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Is it possible to modify an invocation parameter of a mocked method? In particular I'm looking to change buffer in the following example to a pre-populated byte array.

int MockedClass.Read(byte[] buffer, int offset, int count)

Calling Read loads count bytes reading from offset into the supplied byte array buffer.

Now I would like to have buffer populated after the call to Read has been made in my application code. Is that possible?

If yes, how would I go about successive calls to Read? I would like successive calls to return a different buffer each time if possible.


using the Setup command like this:

MockedClass.Setup(x => x.Read(It.IsAny<byte[]>(), It.IsAny<int>(), It.IsAny<int>()).Callback( (byte[] buffer, int offset, int count) => buffer[0] = 0xAA);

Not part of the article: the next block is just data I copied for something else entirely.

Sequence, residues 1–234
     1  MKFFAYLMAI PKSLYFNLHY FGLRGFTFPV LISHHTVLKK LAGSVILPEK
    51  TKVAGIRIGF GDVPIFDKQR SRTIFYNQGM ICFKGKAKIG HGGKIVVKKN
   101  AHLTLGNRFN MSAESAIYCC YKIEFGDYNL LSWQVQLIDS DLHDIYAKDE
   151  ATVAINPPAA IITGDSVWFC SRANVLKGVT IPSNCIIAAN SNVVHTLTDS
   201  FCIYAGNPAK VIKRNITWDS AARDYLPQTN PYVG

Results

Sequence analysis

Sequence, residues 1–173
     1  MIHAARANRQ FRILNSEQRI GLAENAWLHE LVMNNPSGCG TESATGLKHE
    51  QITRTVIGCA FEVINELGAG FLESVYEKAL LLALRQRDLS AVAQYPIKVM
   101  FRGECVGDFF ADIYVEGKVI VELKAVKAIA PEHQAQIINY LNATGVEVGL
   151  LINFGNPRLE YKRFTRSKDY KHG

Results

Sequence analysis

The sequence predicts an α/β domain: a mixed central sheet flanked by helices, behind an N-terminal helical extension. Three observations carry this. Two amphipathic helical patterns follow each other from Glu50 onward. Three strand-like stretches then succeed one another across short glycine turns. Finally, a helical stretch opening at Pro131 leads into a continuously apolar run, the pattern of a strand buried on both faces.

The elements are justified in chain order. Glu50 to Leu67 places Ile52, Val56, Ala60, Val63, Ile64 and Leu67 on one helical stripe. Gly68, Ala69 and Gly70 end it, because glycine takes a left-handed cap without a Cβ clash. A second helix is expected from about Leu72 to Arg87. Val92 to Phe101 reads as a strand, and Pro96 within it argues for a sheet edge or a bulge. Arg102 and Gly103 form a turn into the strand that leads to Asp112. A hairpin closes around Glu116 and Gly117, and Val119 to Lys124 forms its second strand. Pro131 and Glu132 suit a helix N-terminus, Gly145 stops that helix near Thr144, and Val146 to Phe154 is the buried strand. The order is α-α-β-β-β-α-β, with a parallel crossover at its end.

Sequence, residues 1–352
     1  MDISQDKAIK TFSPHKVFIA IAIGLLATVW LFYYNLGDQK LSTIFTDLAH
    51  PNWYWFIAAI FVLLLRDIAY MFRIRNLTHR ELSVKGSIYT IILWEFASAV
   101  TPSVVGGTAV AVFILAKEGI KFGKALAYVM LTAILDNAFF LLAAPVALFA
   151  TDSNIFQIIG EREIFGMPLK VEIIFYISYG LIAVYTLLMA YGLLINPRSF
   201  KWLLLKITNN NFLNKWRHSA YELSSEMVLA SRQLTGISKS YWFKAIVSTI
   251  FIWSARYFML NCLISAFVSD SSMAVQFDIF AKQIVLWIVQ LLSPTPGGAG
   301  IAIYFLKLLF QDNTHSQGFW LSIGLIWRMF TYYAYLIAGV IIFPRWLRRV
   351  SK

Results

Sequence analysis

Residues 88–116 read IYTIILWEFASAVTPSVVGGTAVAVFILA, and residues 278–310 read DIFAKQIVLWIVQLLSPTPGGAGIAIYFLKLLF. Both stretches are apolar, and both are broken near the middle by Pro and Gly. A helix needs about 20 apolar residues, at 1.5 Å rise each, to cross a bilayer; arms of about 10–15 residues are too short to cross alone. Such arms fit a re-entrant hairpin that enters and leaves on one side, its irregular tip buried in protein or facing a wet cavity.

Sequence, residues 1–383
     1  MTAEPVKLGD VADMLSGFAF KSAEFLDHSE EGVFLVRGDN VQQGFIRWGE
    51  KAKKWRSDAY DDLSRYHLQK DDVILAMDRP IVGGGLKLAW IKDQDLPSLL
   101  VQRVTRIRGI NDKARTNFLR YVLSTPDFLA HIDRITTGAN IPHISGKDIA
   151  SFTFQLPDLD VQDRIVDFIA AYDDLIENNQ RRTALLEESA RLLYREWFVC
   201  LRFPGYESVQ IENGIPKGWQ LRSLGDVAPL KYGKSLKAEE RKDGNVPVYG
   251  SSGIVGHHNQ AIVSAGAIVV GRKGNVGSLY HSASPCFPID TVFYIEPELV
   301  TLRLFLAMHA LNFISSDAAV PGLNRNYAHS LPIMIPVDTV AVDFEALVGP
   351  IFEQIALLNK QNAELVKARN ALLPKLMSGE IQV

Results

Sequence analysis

gives me a weird problem when executing the unit test: Once the call to Read is made and the delegate code (buffer[0] = 0xAA) is executed the debugger shows that buffer is actually null and the unit test execution stops after executing this command. Is my syntax borked or is that a bug?

share|improve this question

You can use the Callback method. Something like this (from memory):

var buffer = new byte[64];
// ...
mock.Setup(m => m.Read(buffer, offset, count))
    .Callback((buffer, offset, count) => /* fill in buffer here */);
share|improve this answer
Hi Mark. Thanks for the answer. If I use this pattern my unit test will just stop at the very point in the callback when the delegate is executed. Debugging the issue showed that the buffer byte array is null. Any ideas why that might happen? – Timo Kosig Feb 2 '10 at 13:03
It's null unless you assign it. The above Setup call doesn't assign the buffer variable - it matches an existing variable. In your edit you match on It.IsAny<byte[]>(), but the caller must still supply the value. – Mark Seemann Feb 2 '10 at 13:47

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